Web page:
China's leaders retain enough respect for American strength and capabilities that Obama's self-assured declaration of America's ongoing leadership role in Asia -- backed by ample evidence of comprehensive U.S. strategic thinking and diplomacy -- has at the same time at least raised the unwelcome possibility for Beijing of a significantly new context for China's own regional strategy.

What Will Happen?

The American press portrayed the Obama trip as affirming American leadership of Asia, challenging and trumping China at every turn. The fact that the United States' initiatives apparently received warm vocal support from nearly all major countries at the East Asia Summit reinforced this perception. But the reality is more complex, both as to what the president sought to do and as to the likely results.

A more complex U.S. strategy. The Obama administration does not seek to confront China across the board. Rather, it has adopted a two-pronged approach: to reaffirm and strengthen cooperative ties with China; and to establish a strong and credible American presence across Asia to both encourage constructive Chinese behavior and to provide confidence to other countries in the region that they need not yield to potential Chinese regional hegemony.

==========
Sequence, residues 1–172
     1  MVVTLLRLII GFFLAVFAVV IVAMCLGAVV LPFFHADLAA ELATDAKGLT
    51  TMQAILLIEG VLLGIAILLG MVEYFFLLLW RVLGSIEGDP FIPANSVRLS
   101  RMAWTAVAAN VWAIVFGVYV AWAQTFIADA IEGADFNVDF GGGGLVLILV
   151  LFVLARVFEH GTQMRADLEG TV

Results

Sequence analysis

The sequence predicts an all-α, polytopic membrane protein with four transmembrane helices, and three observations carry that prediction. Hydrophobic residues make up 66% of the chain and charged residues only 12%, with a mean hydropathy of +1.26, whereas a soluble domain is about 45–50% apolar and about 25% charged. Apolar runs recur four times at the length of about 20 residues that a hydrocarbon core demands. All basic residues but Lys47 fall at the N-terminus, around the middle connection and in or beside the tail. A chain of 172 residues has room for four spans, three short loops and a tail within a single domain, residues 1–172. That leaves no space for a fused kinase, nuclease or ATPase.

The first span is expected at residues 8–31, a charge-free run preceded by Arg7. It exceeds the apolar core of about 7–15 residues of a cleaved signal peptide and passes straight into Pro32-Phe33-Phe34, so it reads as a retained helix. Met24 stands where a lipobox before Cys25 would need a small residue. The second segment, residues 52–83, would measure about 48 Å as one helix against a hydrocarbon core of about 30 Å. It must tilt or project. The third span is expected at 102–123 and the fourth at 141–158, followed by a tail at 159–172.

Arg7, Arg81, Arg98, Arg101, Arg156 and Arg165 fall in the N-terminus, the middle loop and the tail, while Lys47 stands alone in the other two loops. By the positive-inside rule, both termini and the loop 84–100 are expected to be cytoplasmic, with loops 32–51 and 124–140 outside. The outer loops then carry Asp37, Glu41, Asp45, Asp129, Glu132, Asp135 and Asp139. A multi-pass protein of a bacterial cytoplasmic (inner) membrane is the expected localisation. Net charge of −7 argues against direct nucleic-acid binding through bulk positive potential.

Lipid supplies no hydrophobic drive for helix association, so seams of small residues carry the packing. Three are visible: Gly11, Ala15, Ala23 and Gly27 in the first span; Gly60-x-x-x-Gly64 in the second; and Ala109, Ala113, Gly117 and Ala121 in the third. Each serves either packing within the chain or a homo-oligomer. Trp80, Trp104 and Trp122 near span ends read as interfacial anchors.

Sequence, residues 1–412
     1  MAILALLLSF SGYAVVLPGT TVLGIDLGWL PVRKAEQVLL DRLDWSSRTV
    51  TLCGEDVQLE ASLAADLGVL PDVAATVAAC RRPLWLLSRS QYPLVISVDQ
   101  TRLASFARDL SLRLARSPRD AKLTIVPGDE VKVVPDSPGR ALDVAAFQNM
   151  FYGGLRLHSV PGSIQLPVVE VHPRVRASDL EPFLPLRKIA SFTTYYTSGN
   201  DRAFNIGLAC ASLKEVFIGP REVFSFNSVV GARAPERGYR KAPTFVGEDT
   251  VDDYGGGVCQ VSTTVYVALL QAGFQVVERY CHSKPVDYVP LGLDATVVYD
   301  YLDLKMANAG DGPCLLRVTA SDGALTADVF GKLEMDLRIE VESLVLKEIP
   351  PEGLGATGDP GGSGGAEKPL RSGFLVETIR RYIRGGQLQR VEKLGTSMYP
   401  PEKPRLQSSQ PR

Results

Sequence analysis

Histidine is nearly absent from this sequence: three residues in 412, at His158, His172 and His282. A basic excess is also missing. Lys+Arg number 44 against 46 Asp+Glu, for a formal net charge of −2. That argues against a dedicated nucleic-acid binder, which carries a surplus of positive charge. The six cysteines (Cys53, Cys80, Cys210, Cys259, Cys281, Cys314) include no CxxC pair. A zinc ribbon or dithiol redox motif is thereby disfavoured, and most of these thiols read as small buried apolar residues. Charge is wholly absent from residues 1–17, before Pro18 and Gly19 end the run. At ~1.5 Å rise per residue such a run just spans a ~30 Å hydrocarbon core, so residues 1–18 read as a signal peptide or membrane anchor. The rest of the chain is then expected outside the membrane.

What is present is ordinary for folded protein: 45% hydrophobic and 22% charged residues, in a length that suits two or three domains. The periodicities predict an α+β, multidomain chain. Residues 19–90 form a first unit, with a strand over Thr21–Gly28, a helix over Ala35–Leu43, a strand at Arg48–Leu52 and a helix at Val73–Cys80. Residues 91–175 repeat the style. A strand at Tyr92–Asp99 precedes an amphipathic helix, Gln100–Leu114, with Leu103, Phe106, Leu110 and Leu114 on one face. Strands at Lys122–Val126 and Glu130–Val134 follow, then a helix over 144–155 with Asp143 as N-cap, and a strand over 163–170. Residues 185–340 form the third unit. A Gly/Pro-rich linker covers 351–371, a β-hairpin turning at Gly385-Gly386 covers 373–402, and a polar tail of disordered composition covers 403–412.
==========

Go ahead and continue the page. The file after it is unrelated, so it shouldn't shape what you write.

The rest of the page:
The administration is thus continuing to make focused efforts to develop close personal ties between the key top officials in Washington and Beijing. Obama has met with Chinese President Hu 10 times (including their meeting in Honolulu) and with Premier Wen Jiabao repeatedly. Clinton has made a special effort to engage her chief Chinese interlocutor, Dai Bingguo, on a personal level, regularly holding informal meetings with him that last for hours. And Treasury Secretary Timothy Geithner has established very close communications with his counterpart, Vice Premier Wang Qishan.

In these private meetings the spirit has been one of explaining each side's positions in terms of more than formal talking points in order to gain mutual understanding and increase mutual trust. The starting point has been mutual respect and recognition of the deep interconnected interests between China and the United States. These closed-door discussions have thus been designed to lessen the chances of unnecessary Sino-U.S. hostility. This quiet dimension of bilateral diplomacy seeks to manage U.S.-China tensions going forward and to set the tone and agenda for the many regular U.S.-China meetings across the two governments throughout the course of any given year.